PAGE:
Such parallel structures – all apparently tasked with fixing Eskom – always run the risk of creating an accountability vacuum where everybody is responsible for something but no one is responsible for anything. Expecting any individual to then perform as a CEO in such a chaotic structure is simply ridiculous.

The common issues between Eskom and SAA are that no CEO seems to last; no board ever seems to strike the right balance between technical, operational and financial expertise; and no political principal seems to possess the intellectual honesty to admit that custody of such complicated businesses is beyond their skills set.

There is an implicit and ill-conceived assumption that political clout shares some correlation with fiduciary oversight – in spite of the evidence indicating otherwise.

The boards themselves seem to emerge from political compromises that prioritise politics above the fiduciary duty owed to the companies and the country at large.

The high turnover rates not only narrow the field of men and women brave enough to step in, but also come at a great personal and reputational cost to those who try.

Given the country’s own fractured and tenuous history, it is now accepted that the government will always seek to find CEOs that champion the cause of transformation.

And yet, given how they are all treated within the state enterprises, it is fair to say that South Africa is fast running out of competent black executives with the courage and skills to take on these jobs.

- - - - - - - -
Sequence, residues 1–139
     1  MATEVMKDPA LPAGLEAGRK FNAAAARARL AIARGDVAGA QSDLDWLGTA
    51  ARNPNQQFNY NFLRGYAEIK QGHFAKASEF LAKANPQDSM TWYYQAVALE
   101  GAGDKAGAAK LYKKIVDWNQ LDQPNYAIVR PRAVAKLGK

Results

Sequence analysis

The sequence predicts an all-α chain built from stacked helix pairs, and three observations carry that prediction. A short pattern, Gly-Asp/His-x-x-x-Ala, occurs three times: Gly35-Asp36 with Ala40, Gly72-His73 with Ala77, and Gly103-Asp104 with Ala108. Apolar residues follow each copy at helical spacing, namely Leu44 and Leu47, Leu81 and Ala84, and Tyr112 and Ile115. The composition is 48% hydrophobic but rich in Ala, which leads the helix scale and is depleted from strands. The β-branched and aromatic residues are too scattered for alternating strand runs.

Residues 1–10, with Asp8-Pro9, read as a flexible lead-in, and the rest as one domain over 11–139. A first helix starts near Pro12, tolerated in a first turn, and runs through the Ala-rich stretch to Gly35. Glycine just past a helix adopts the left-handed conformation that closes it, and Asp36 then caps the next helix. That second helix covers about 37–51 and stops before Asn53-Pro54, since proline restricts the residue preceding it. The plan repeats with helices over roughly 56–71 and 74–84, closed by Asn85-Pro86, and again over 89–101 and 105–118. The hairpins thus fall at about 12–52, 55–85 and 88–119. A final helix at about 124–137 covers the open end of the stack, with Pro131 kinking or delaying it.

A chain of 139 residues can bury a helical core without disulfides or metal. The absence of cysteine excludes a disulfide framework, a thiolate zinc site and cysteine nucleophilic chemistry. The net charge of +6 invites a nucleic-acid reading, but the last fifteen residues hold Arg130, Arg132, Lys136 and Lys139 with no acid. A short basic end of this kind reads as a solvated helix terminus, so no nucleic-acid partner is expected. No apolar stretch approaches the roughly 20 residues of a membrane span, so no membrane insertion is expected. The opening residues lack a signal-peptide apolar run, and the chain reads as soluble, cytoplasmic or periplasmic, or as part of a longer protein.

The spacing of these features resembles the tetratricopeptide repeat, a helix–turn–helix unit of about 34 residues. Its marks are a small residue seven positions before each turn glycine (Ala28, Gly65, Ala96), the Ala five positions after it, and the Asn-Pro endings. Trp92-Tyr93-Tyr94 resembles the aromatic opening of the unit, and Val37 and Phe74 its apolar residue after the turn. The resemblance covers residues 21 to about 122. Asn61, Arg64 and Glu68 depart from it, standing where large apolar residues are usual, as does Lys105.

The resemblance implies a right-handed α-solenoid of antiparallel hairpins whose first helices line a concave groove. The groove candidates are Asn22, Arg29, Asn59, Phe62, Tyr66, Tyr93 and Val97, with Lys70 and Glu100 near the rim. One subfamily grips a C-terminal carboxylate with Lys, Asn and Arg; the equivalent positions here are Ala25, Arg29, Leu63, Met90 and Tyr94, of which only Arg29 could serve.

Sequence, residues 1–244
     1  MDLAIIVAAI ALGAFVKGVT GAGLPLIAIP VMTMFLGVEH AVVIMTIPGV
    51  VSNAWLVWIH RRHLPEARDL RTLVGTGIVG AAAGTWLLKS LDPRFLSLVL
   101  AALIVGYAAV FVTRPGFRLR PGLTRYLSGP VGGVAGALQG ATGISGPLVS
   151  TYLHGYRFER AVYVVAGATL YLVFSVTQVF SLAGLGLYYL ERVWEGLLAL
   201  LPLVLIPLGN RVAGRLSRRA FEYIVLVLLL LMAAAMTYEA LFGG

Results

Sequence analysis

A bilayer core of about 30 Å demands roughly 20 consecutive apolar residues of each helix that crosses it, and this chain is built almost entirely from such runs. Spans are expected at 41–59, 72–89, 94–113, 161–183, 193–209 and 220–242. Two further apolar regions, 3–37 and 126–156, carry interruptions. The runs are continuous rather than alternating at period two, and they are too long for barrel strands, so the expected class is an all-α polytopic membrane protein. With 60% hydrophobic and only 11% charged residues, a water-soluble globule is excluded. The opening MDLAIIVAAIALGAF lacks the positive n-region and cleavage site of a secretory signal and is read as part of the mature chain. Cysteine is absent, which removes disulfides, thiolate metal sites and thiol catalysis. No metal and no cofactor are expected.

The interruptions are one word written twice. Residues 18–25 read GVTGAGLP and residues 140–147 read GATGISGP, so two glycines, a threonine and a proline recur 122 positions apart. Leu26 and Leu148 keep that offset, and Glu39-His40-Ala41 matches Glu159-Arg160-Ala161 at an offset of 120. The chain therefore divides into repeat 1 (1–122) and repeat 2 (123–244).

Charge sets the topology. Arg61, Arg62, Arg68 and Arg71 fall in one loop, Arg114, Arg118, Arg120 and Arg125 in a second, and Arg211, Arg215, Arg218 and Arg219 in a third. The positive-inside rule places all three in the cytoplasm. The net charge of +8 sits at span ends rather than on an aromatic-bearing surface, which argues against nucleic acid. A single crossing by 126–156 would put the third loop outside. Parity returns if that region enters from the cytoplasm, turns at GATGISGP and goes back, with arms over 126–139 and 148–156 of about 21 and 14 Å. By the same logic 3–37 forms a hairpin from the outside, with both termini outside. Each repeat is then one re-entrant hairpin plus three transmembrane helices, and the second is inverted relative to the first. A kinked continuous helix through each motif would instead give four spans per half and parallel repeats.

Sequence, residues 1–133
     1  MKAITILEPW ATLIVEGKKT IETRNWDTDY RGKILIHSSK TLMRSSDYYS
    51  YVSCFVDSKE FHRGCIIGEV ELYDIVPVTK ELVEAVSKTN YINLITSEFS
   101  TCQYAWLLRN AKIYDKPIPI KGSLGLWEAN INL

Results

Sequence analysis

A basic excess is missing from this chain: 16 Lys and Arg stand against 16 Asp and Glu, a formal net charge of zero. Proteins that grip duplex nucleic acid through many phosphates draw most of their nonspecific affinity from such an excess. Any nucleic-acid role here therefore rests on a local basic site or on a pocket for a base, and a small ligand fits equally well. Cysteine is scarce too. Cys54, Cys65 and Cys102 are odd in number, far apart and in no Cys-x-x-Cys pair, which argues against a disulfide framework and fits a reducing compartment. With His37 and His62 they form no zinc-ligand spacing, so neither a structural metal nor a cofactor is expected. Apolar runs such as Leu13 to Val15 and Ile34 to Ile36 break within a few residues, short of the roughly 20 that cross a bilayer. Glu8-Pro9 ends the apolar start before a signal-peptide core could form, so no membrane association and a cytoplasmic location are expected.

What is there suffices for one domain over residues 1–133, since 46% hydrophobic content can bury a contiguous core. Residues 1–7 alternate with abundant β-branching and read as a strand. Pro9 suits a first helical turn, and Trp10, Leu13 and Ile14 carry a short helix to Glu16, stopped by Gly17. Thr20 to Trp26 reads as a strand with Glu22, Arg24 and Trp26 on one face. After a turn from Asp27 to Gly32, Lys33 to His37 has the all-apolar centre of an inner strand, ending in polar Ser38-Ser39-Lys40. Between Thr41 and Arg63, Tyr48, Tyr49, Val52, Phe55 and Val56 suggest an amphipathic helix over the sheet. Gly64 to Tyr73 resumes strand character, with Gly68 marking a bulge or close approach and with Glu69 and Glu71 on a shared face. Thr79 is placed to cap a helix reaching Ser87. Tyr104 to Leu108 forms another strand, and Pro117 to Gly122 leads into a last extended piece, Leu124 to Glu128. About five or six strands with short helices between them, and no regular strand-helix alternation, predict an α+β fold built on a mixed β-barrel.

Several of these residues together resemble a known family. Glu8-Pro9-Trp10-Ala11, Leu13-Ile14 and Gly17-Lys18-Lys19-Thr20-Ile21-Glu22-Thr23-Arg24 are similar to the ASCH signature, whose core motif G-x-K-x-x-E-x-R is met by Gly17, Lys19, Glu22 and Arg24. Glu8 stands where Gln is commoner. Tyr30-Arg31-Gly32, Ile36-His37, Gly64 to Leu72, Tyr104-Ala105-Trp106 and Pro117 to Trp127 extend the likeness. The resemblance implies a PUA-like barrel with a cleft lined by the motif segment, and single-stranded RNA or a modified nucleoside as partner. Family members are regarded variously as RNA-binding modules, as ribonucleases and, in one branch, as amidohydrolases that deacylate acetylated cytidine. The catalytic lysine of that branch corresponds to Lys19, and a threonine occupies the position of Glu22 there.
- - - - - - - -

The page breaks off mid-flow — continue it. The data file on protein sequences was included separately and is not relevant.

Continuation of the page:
While there have been some spectacular CEO failures – particularly at Eskom – anyone with an understanding of business turnaround processes acknowledges the significant lead time required for changes to become effective.

The arrival of every new CEO brings legitimate anxieties to the entire workforce and feeds into instability.

Whether the CEOs are groomed from within or sourced externally seems to be less relevant when the executives are hamstrung at every turn.

When tenures of CEOs are short, it is inevitable that whatever ideas they promised to implement will not materialise in the short run.

Take Jarana for example.

Vuyani Jarana

Having started his tenure in November 2017 he retains the dubious distinction of not having been able to table a set of financial results to Parliament – simply because the financial guarantees needed for the results to be signed off have still not been provided.

When Hadebe proposed a zero wage increase at Eskom he was ambushed by politicians into conceding a financially untenable arrangement to placate the unions.

That type of interference – its intentions notwithstanding – destroyed his ability to be taken seriously at Eskom.

In times of such a crisis, the turnaround processes required to be implemented at these entities need the type of champion who is immune to the political chaos of our times.

Which is why Cyril Ramaphosa needs to remember that – these multiple accountability structures notwithstanding – he is the one ultimately accountable to the country.

And getting Jarana to stay at SAA is important not just for SAA, but for all the brave men and women who have gambled with taking on these positions and are now crying out for someone to give them the support needed to do the job.

Besides, absolutely no one in their right mind would step into SAA for as long as the issues that Jarana has highlighted are not addressed.

Sithole is a chartered accountant, academic and analyst

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June 16 2019